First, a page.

Every analyst and researcher knows — the better the question the better the answer. Kevin Kelly (@), founding Executive Editor of Wired magazine, insists there has never been a more important time in history to ask good questions because artificial intelligence has made getting answers cheap. According to Kelly, there is no lack of questions to be asked. “The paradox of science,” he writes, “is that every answer we uncover yields at least two brand new questions.” He continues:
“We don’t know nothin’ relative to what could be known. Thus, even though our knowledge is expanding exponentially, our questions are expanding exponentially faster. And as mathematicians will tell you, the widening gap between two exponential curves is itself an exponential curve. That gap between questions and answers is our ignorance, and it is growing exponentially. We have no reason to expect this to reverse in the future. The more disruptive a technology or tool is, the more disruptive the questions it will breed. We can expect future technologies such as artificial intelligence, genetic manipulation and quantum computing (to name a few on the near horizon) to unleash a barrage of new huge questions we could have never thought to ask before. In fact, it’s a safe bet that we have not asked our biggest questions yet.”
While I agree with Kelly, he makes it sound like good questions are found as easily as a five-year-old in a game of hide and seek — they aren’t. Questions are easy to ask; but, good questions need to be crafted. In a previous article, I wrote, “We’ve all been in classrooms or meetings when the person in charge (be it a teacher or facilitator) has stated, ‘There are no dumb questions.’ Of course there are! We’ve all seen the lists of supposedly real questions asked by trial lawyers in court; such as: ‘Now doctor, isn’t it true that when a person dies in his sleep, in most cases he just passes quietly away and doesn’t know anything about it until the next morning?’ Comedian Bill Engvall believes that people who ask dumb questions should have to wear a sign that says, ‘I’m Stupid.’ For example, he says: ‘Last time I had a flat tire, I pulled my truck into one of those side-of-the-road gas stations. The attendant walks out, looks at my truck, looks at me, and I SWEAR he said, “Tire go flat?” I couldn’t resist. I said, “Nope. I was driving around and those other three just swelled right up on me. Here’s your sign.”‘ Don’t get me wrong. If you don’t know something, you should ask a question.” My point is that dumb questions are thoughtless questions and result in dumb answers. Good questions, on the other hand, require thoughtfulness and result in knowledge.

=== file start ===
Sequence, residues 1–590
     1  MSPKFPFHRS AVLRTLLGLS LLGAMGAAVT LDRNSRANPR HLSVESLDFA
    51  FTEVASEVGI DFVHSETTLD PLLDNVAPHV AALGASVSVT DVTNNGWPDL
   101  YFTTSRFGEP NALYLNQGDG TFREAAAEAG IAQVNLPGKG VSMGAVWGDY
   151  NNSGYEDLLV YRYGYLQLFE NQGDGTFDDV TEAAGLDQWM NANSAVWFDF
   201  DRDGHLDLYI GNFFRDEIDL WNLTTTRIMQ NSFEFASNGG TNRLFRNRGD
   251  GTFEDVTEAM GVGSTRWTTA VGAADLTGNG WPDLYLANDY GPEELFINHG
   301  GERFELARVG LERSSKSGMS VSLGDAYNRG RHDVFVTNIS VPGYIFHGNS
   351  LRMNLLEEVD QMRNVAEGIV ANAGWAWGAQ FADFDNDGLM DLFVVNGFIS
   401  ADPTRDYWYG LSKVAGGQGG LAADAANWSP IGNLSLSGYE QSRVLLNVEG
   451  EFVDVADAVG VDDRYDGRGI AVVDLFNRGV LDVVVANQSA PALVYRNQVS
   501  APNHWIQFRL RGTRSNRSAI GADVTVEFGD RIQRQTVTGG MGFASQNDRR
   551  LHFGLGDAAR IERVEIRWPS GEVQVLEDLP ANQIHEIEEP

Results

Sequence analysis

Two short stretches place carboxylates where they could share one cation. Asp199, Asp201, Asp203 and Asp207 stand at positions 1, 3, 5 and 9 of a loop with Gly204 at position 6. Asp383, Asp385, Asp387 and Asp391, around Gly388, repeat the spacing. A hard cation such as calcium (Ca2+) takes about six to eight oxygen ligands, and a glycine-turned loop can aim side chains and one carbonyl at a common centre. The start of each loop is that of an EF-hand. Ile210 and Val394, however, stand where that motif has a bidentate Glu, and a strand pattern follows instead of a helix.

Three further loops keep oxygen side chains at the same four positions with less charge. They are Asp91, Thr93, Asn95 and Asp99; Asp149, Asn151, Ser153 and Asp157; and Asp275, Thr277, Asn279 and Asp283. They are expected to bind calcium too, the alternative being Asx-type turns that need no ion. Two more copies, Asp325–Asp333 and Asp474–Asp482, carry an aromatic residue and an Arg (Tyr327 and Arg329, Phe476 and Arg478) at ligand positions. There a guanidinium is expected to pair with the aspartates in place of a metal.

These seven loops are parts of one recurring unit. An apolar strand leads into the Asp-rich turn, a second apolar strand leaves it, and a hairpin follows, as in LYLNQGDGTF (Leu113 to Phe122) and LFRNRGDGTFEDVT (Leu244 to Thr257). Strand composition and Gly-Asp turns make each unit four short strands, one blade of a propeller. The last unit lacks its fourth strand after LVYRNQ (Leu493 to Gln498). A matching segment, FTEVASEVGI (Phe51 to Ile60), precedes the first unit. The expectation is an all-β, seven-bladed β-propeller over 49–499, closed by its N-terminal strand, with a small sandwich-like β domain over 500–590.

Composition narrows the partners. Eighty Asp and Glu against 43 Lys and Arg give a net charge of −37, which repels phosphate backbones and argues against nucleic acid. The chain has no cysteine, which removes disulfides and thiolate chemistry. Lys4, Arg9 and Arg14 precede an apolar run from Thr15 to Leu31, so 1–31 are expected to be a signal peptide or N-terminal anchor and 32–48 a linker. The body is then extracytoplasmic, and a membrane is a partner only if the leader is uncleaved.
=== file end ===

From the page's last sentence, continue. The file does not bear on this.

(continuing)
The Importance of Questions
Three professors from the University of Toronto’s Rotman School of Management, Ajay Agrawal, Joshua Gans (@), and Avi Goldfarb (@), make a profound observation about the value of technology. “Technological revolutions,” they write, “tend to involve some important activity becoming cheap.” If you apply that notion to what Kelly is saying, you can understand why he is excited about the times in which we live. “While the answer machine can expand instant answers infinitely,” writes Kelly, “our time to form the next question is very limited. There is an asymmetry in the work needed to generate a good question versus the work and speed needed to absorb an answer. While answers become cheap, our questions become valuable. This is the inverse of the situation for the past millennia, when it was easier to ask a question than to answer it.” In other words, because answers are cheap, we need good questions to spark a knowledge revolution that will propel mankind towards a better future. Kelly continues:
“Pablo Picasso brilliantly anticipated this inversion in 1964 when he told the writer William Fifield, ‘Computers are useless. They only give you answers.’ There is great opportunity and a lot of money to be made in developing new technologies to provide instant, cheap, correct answers to the world’s billions of questions every minute. … Answers are on their way to becoming a commodity. It will not be an exaggeration to say that if you want an answer in the future you will ask a machine. It will deliver a great one for free. The role of humans, at least for a while, will be to ask questions. To ask a great question will be seen as the mark of an educated person. A great question, ironically, produces not only a good answer, but also more good follow-up questions. Great question creators will be seen, properly, as the engines that generate the new industries, new brands and new possibilities that our restless species can explore. A good question is worth a million good answers. Questioning is simply more powerful than answering.”